Airmen keep communications running in Ethiopia

  • Published
  • By Staff Sgt. Francesca Popp
  • U.S. Central Command Air Forces
Airmen ensure all communications are operational at a remote camp bordered by grass-hut villages, a dormant volcano and packs of hyenas that roam just outside the gate.

Senior Airman Jeremy Cole and Airman 1st Class Steven Brumley are the only Air Force members assigned to Contingency Operating Location Bilate -- a fenced-in area less than a square-acre, where U.S. servicemembers and civilians support the training mission. The Airmen maintain radio, phone and Internet communications between the camp and the Combined Joint Task Force - Horn of Africa headquarters at Camp Lemonier, Djibouti -- approximately 483 miles to the northeast.

"We handle any communications issues that arise on our end," said Airman Brumley, a 19-year-old from Dunmor, Ky. "Communications are critical for keeping Djibouti up to date on our status and activities."

The communications provided by the radio maintainers support the Army's military-to-military training with the Ethiopian National Defense Force soldiers.

"As part of the mil-to-mil operations, the direct support we are receiving from the Airmen allows us to communicate here and with Djibouti," said Army 1st Lt. David Afaisen, officer in charge at Bilate. "It's critical that we have our communications up and running 100 percent of the time. We are pretty much the furthest south (Contingency Operating Location) in Ethiopia and communications are our vital link to (headquarters)."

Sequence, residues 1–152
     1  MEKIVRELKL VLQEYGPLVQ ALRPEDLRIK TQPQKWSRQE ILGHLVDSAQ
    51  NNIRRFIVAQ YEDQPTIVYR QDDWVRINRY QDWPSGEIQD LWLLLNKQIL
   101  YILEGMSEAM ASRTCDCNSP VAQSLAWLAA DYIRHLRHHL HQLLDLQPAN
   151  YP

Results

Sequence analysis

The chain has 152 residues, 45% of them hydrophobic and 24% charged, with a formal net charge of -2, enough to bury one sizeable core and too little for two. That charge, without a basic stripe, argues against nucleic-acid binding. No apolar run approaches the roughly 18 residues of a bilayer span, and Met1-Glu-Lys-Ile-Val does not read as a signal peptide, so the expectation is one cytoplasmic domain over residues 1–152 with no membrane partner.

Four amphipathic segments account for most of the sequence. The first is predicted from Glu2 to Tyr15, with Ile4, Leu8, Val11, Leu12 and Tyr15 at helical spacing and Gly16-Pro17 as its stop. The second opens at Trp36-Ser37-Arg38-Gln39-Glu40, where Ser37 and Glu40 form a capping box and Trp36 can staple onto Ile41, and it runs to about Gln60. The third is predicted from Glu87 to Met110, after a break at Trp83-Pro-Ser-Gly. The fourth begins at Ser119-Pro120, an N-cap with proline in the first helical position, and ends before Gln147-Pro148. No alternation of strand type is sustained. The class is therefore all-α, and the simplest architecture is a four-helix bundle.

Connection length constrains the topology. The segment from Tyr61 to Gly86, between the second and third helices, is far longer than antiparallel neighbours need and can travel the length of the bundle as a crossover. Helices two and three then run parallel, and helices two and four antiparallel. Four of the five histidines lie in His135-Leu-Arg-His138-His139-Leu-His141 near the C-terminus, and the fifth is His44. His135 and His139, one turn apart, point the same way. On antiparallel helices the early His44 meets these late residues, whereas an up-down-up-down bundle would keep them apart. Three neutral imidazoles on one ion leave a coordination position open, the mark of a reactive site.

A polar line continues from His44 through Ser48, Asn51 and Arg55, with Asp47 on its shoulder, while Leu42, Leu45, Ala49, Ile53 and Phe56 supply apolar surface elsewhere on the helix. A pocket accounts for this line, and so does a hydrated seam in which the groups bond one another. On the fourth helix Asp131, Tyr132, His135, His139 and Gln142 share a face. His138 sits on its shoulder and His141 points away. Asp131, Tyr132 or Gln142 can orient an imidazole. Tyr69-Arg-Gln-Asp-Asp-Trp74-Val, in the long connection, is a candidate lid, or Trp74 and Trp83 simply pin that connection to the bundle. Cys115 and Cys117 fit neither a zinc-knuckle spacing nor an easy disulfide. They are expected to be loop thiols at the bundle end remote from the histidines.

"We operate in a command-post type position. Anything that happens with the Army is relayed through us," said Airman Cole, a 29-year-old from Elk Rapids, Mich. "We then relay the info to Djibouti and when we receive pertinent information, we pass it on to the Army."

This includes phone calls from commanders or family. Additionally, the Airmen set up and maintain 12 computer systems used for mission and morale communication. If the Internet is down or if computer issues arise, they fix the problem.

"We've had very little interruption with communication," said Lieutenant Afaisen, deployed from Guam Army National Guard's 2nd Platoon, Charlie Company, 1-294th Infantry Battalion (Light). "We've always had primary and alternate communications up. When the Internet goes down, they're on it. They're like, 'Sir, it's going to be up in 5-10 minutes.'"

The Airmen, both on their first deployment, agree the contributions they are making to the mission don't go unnoticed.

"The little things like having e-mail and having a network connection ... are huge morale boosters," said Airman Cole, deployed from the 325th Communications Squadron, Tyndall Air Force Base, Fla. "It's a great feeling when (the guardsmen) come to you and they have a challenge for you. They're like, 'Can you do that for me?' I can say, 'Yes,' to them. It's just one more thing to make you smile."

In the months the Airmen have been deployed, they have learned that service rivalry is nonexistent at the camp.

"When I started working next to them (Guam Army Guardsmen), they opened up their arms and welcomed the Air Force," Airman Cole said.

Lieutenant Afaisen agreed, saying they have a lot of fun together by visiting local villages, playing sports and participating in physical training.

It's that interaction Airman Brumley said he is "proud" to be a part of.

"I was able to help by bringing these guys communications and morale while they carry out the mission here," said Airman Brumley, who is deployed from the 65th Communications Squadron, Lajes Field, Azores.

Airman Cole added, "They can come to us and ask us anything, and we will figure out a way to make it happen."

Comment on this story (comments may be published on Air Force Link)

Click here to view the comments/letters page